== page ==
t-Butyl Hypochlorite1


[507-40-4]  · C4H9ClO  · t-Butyl Hypochlorite  · (MW 108.57)

(reagent for ionic2 or radical3 chlorination of hydrocarbons; N-chlorination;4 oxidation of alcohols,5 sulfides,6 and selenides7)

Physical Data: bp 79.6 °C/750 mmHg; d 0.9583 g cm-3.

Solubility: sparingly sol H2O; sol alcohol, CCl4, and CHCl3.

Form Supplied in: commercially available as neat liquid.

Preparative Method: usually prepared by the method of Mintz and Walling.8

Purification: distillation is possible but can be hazardous, and is reported not to improve purity.

Handling, Storage, and Precautions: avoid exposure of the reagent to light; store protected from light in a refrigerator or freezer.

Radical Chlorination.

Under typical radical conditions, t-BuOCl can effect chlorination of a range of substrates, including alkanes, alkenes, ethers, epoxides, and aldehydes.3 Reaction occurs by hydrogen abstraction from the substrate by the t-BuO&bdot; radical, this process showing the expected selectivity pattern of primary < secondary < tertiary (eq 1).3a,c The reaction can be initiated by irradiation or by the use of chemical initiators such as Azobisisobutyronitrile3a or trialkylboranes.3c Reaction with alkenes results in allylic chlorination,3d,e whereas ethers3b and epoxides3f give products arising from attack at the position a to oxygen (eqs 2 and 3) and aldehydes give the corresponding acid chlorides (eq 4).3b

Ionic Reactions with Alkenes and Arenes.

Allylic chlorination with double bond rearrangement can also be effected by t-BuOCl under nonradical conditions in nonprotic solvents.2 This process appears facile with particularly electron-rich alkenes, or if a catalyst such as Boron Trifluoride Etherate is employed (eq 5). If an alcohol is used as the solvent then b-chloro ethers are obtained via electrophilic addition (eq 6).9

Chlorination of aromatics can also be effected by use of the t-BuOCl-BF3.OEt2 reagent combination,9 or by the use of t-BuOCl in the presence of silica10 or certain zeolites (eq 7).11 Activated aromatics react with t-BuOCl alone, whereas deactivated systems do not react, even in the presence of catalysts under forcing conditions. The modified o/p selectivity in the presence of zeolite is notable. Chlorination of other types of systems, such as aminoquinones12 and indoles,13 has also been reported (eqs 8 and 9).

Chlorination at Nitrogen.

Chlorination of a wide range of nitrogen-containing systems to give chloroamines and related compounds, or products derived thereof, is an important use for t-BuOCl.4 Examples include the hydroxylation of penicillins (eq 10)4a-c and a method for the asymmetric synthesis of amines via amino ester intermediates (eq 11).4d Both methods involve N-chlorination followed by dehydrochlorination and nucleophilic addition by the solvent.

Oxidation Reactions.

The oxidation of secondary alcohols, using t-BuOCl in the presence of Pyridine, gives high yields of the corresponding ketones (eq 12),5 whereas in the absence of pyridine both the ketone and a-chloro ketone are usually formed (eq 13),3b the latter products probably arising from the initially formed ketones via chlorination by chlorine generated in situ.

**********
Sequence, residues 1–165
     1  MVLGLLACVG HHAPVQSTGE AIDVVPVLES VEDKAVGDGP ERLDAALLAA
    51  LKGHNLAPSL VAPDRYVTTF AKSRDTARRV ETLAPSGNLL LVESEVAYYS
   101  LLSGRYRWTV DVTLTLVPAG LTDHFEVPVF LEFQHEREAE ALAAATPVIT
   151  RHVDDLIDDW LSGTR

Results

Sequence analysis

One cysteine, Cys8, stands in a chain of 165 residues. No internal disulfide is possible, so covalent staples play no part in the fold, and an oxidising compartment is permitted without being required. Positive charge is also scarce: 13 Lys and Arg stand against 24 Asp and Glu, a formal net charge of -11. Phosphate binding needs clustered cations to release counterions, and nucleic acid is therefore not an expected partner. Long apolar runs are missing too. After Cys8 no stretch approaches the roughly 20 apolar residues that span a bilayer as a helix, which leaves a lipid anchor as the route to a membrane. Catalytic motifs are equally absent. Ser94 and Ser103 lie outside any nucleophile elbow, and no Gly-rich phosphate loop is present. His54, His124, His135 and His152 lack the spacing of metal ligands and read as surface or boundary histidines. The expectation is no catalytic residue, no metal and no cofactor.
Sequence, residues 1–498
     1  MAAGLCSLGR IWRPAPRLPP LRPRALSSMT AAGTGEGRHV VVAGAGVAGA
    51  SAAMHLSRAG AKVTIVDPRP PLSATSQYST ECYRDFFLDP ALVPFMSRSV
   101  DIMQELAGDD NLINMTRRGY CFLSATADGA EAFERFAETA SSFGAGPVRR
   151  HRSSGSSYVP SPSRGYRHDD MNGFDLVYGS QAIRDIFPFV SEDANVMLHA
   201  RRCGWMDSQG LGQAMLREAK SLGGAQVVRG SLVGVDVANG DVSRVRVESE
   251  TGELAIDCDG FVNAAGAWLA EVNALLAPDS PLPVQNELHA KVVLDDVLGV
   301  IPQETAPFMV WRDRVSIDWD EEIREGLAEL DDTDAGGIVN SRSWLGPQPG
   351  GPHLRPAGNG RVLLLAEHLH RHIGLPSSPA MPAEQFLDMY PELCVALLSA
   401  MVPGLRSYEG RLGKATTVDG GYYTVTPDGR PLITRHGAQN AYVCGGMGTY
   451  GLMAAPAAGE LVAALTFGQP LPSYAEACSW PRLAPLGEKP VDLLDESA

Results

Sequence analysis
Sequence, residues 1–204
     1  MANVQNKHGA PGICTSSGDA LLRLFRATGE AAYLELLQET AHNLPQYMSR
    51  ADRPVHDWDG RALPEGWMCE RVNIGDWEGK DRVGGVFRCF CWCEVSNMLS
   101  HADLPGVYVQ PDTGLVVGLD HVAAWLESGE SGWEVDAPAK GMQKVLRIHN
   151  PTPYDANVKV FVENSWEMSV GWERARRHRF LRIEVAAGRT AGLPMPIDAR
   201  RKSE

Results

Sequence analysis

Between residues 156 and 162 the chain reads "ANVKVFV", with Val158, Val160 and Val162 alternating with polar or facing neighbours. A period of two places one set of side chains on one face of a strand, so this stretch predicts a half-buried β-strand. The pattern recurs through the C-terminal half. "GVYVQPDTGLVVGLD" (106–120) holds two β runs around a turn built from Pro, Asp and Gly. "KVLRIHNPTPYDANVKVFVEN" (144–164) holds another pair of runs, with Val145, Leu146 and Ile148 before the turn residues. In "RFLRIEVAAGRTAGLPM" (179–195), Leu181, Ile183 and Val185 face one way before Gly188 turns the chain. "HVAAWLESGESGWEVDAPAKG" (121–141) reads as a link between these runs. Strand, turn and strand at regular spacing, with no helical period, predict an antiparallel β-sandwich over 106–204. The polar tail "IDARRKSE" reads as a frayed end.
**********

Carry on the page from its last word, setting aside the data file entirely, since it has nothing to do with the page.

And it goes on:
The oxidation of sulfoxides using t-BuOCl is very well established and can be used to prepare either cis- or trans-substituted thiane oxide products (eqs 14 and 15). Oxidation of selenides and tellurides is also possible in an analogous fashion, to give selenoxides and telluroxides (or their hydrates), respectively.7

Other Applications.

Other types of reaction involving t-BuOCl which have been reported include cyclization of unsaturated peroxides to give chloroalkyl 1,2-dioxolanes (eq 16),14 a ring expansion reaction of isopropenylcycloalkenols (eq 17),15 and a dehydrogenation protocol for the synthesis of tetraethynylethylenes (eq 18).16

1. (a) Anbar, M.; Ginsburg, D. CRV 1954, 54, 925. (b) Hausweiler, A. MOC 1963, 6/2, 487.
2. (a) Meijer, E. W.; Kellogg, R. M.; Wynberg, H. JOC 1982, 47, 2005. (b) Ravindranath, B.; Srinivas, P. IJC(B) 1985, 24, 163.
3. (a) Walling, C.; Jacknow, B. B. JACS 1960, 82, 6108. (b) Walling, C.; Mintz, M. J. JACS 1967, 89, 1515. (c) Hoshi, M.; Masuda, Y.; Arase, A. CL 1984, 195. (d) Walling, C.; Thaler, W. JACS 1961, 83, 3877. (e) Beckwith, A. L. J.; Westwood, S. W. AJC 1983, 36, 2123. (f) Walling, C.; Fredericks, P. S. JACS 1962, 84, 3326.
4. (a) Firestone, R. A.; Christensen, B. G. JOC 1973, 38, 1436. (b) Baldwin, J. E.; Urban, F. J.; Cooper, R. D. G.; Jose, F. L. JACS 1973, 95, 2401. (c) Koppel, G. A.; Koehler, R. E. JACS 1973, 95, 2403. (d) Yamada, S.; Ikota, N.; Achiwa, K. TL 1976, 1001. (e) Awad, R.; Hussain, A.; Crooks, P. A. JCS(P2) 1990, 1233. (f) Zey, R. L. JHC 1988, 25, 847.
5. Milovanovic, J. N.; Vasojevic, M.; Gojkovic, S. JCS(P2) 1988, 533.
6. (a) Jalsovszky, I.; Ruff, F.; Kajtar-Peredy, M.; Kucsman, A. S 1990, 1037. (b) Johnson, C. R.; McCants Jr., D. JACS 1965, 87, 1109. (c) Rigau, J. J.; Bacon, C. C.; Johnson, C. R.; JOC 1970, 35, 3655.
7. (a) Kobayashi, M.; Ohkubo, H.; Shimizu, T. BCJ 1986, 59, 503. (b) Detty, M. R. JOC 1980, 45, 274.
8. Mintz, M. J.; Walling, C. OSC 1973, 5, 183.
9. Walling, C.; Clark, R. T. JOC 1974, 39, 1962.
10. Smith, K.; Butters, M.; Paget, W. E.; Nay, B. S 1985, 1155.
11. Smith, K.; Butters, M.; Nay, B. S 1985, 1157.
12. Moore, H. W.; Cajipe, G. S 1973, 49.
13. Büchi, G.; Manning, R. E. JACS 1966, 88, 2532.
14. Bloodworth, A. J.; Tallant, N. A. TL 1990, 31, 7077.
15. Johnson, C. R.; Herr, R. W. JOC 1973, 38, 3153.
16. Hauptmann, H. AG(E) 1975, 14, 498.

Nigel S. Simpkins

University of Nottingham, UK

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